A number of concomitant factors are thought to contribute to an increase in the mean pulmonary arterial pressure (MPAP) of pulmonary arterial hypertension (PAH) patients, such as increased pulmonary vascular resistance (PVR), increased blood flow (due to septal defects), and a decrease in wall distensibility. This is in contrast to the normal pulmonary circuit, which is characterized by compliant artery walls and a low PVR, resulting in a low MPAP with little flow and pressure wave reflection. The influence of pathologic MPAP’s on proximal hemodynamic factors such as artery size, flow pulse waveforms, and wall shear stress (WSS) is unclear. Since these factors are known pathophysiological stimuli in the production of molecules that alter vascular tone and matrix properties, we set out to quantify the geometry, flow, and WSS of the left, right and main pulmonary arteries (LPA, RPA, & MPA) of control and PAH patients using phase-contrast magnetic resonance imaging (PC-MRI).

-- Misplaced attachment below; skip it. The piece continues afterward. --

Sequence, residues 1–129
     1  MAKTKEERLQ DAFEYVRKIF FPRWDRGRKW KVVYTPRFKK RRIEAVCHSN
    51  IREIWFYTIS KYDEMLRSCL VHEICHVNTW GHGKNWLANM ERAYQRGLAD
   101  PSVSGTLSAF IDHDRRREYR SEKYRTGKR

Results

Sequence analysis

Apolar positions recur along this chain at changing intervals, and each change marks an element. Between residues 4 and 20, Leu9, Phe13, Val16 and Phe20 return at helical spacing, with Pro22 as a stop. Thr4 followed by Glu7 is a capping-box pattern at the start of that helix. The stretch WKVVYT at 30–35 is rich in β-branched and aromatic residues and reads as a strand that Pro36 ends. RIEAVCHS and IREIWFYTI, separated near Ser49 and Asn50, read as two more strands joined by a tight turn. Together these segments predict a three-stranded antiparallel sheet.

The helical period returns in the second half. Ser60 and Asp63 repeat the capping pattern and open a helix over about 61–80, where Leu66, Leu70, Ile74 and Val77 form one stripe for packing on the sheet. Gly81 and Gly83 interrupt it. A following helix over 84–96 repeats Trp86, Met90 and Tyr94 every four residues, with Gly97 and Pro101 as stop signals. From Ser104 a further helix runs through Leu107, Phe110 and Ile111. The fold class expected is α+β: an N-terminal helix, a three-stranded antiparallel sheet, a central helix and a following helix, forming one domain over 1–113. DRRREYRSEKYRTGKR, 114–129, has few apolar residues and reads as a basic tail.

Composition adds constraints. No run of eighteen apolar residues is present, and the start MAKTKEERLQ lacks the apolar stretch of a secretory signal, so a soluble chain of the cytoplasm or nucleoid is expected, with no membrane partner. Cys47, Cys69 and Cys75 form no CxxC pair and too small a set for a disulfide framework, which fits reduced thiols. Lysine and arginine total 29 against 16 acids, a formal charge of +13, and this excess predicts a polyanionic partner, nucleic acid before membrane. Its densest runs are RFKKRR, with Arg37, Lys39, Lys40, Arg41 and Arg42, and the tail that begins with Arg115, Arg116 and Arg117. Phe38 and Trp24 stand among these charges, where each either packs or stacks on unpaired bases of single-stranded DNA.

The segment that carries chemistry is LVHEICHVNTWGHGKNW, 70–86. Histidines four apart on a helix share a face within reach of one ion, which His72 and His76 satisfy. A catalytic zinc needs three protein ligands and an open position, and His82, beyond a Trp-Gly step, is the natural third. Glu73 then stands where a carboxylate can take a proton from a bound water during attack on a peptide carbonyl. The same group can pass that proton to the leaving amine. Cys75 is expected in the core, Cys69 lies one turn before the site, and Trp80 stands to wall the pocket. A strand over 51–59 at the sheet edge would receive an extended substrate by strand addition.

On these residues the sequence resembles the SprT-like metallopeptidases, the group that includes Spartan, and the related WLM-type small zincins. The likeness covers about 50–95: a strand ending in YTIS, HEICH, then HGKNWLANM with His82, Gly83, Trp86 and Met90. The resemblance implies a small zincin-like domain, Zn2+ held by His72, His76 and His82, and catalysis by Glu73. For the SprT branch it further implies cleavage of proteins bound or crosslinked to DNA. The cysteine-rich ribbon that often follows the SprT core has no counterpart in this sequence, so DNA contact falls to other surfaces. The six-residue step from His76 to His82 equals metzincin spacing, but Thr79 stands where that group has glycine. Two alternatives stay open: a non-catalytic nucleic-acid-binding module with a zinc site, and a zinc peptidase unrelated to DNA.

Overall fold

- Bioengineering Division
Initial Investigation of Reduced Wall Shear Stress in the Pulmonary Arteries of Hypertension Patients Using Phase Contrast MRI
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Barker, AJ, Lanning, C, Ivy, D, & Shandas, R. "Initial Investigation of Reduced Wall Shear Stress in the Pulmonary Arteries of Hypertension Patients Using Phase Contrast MRI." Proceedings of the ASME 2008 Summer Bioengineering Conference. ASME 2008 Summer Bioengineering Conference, Parts A and B. Marco Island, Florida, USA. June 25–29, 2008. pp. 413-414. ASME. https://doi.org/10.1115/SBC2008-192709
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